Before we set off for a long-awaited three-week trip back home to Canada, I’d like to confess something. I only confessed it to myself the other day, and after much contemplation, am now doing it here: I’ve started up a habit I’d thought I’d grown out of long ago and let go for good.
Back in my teens it was all so easy. By the time I was 15 I had pocket money from a few odd jobs, so I’d sneak away at lunchtime to buy some from one of only two sources in town, savouring the anticipation of school’s end when I could enjoy my purchase either by myself or with a couple of close friends. Because the subjects I took were so stimulating, I was always a good student, so the time spent on my habit didn’t affect my grades at all. That was a good thing, because my parents during one phase in Grade 11 became really worried I was spending far too much time alone in my bedroom.
Growing up in my little village perched on a mountain sliding into the sea, there was no chance of getting some closer to home unless friends were offering, so I’d go into Vancouver, where there was a lot of choice. Granville Street, seedy back then and not much better today, held good possibilities to score. I didn’t feel bad about it because I enjoyed it so much, and besides, a lot of my friends were into it way more than I was, and they were doing OK.
It didn’t end with High School though. When I started to earn some real money on summer break while going to university I’d buy even more, branching out into different varieties as the possibilities – and my wallet – broadened. I remember thinking each time I shouldn’t, but was unable to resist the urge.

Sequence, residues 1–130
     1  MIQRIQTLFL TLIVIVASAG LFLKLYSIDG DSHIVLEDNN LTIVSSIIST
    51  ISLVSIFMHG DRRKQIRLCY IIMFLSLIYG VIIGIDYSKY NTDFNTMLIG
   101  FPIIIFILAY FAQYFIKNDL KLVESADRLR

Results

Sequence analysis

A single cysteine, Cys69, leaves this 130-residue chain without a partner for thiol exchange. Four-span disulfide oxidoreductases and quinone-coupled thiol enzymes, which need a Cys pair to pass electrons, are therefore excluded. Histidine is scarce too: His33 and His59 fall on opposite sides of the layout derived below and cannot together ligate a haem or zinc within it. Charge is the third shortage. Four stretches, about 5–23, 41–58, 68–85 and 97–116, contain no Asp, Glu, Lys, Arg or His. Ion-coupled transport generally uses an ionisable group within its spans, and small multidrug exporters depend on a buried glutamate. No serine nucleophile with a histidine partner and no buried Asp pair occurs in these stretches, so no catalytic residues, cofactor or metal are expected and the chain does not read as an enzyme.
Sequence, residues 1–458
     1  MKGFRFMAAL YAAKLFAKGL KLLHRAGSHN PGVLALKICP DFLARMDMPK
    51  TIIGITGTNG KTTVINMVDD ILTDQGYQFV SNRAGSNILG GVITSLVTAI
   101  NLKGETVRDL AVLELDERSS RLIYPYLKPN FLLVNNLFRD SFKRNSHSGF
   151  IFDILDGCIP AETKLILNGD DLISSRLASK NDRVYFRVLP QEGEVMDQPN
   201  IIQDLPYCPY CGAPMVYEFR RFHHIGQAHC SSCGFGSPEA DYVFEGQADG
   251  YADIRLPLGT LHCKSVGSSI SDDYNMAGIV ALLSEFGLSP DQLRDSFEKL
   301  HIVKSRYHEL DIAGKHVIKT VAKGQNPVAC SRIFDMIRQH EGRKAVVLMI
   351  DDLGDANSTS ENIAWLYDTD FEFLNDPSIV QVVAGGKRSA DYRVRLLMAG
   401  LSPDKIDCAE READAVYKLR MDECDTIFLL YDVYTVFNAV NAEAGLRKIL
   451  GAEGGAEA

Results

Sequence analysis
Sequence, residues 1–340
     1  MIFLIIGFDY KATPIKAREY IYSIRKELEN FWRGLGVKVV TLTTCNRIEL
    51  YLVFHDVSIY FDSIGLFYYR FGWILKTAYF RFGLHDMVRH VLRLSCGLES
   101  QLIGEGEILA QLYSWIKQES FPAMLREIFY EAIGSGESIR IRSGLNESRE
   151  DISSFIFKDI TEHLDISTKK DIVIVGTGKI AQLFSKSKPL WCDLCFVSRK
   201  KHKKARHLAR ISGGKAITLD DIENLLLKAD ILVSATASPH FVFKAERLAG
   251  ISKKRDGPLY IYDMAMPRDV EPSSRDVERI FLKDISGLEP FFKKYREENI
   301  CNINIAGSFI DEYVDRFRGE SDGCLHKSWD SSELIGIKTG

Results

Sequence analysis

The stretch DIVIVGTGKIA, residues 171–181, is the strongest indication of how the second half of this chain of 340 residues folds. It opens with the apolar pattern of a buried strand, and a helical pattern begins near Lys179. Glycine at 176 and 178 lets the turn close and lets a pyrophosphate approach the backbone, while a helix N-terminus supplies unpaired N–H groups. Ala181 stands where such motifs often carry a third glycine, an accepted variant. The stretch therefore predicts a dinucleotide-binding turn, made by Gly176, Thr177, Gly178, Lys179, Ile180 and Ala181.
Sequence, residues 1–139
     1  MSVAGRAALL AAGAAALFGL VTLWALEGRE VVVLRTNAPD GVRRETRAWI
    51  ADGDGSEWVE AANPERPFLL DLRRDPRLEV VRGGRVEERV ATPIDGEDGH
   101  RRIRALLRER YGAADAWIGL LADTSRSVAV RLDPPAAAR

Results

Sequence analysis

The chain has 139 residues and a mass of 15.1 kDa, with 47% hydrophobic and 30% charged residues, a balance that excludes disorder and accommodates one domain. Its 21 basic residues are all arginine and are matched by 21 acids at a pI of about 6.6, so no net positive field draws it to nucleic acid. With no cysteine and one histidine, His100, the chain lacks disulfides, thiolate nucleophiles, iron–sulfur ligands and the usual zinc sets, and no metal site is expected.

Then all of a sudden in the early 80s – just when my enthusiasm for it was peaking – my addiction was no longer cool. Even though there was still tons of it going around out there, the world was moving on, and I figured that if I didn’t change, it would move along without me. Then, little by little, the supply started to dry up. What had once been so easy to find was no longer on every streetcorner. So, facing reality, I slowly let it go, relegating that period in my life to the musty reaches of the back shelf. I think the last time I bought some was in 1986.
But then a couple of years ago, I came across a dealer in downtown Hamburg, some guy in a back alley of the university quarter near where all the students hang out. I’d always known there were dealers in this city, and that it would be so easy just to go out and get some, but I thought: no. Leave it in the past. You’ve got a family now, a steady job you’d like to hang on to, and the money could be put to such better use, like one day putting your growing daughter through university, for example. When you get older, frivolity should be left behind, right?
But I can’t help myself. I go back every once in a while and pick up some more. In Paris three weeks ago across the street from Gare St Lazare I spied a dealer and thought of an Oscar Wilde quote – the great man buried only a few dozen blocks east – that the best way to rid oneself of a temptation is to yield to it. So with what bit of cash I had left over from my trip, for the first time in 25 years I bought three brand new slices of that lovely stuff I just can’t seem to get enough of.
Is there any cure once you’re hooked?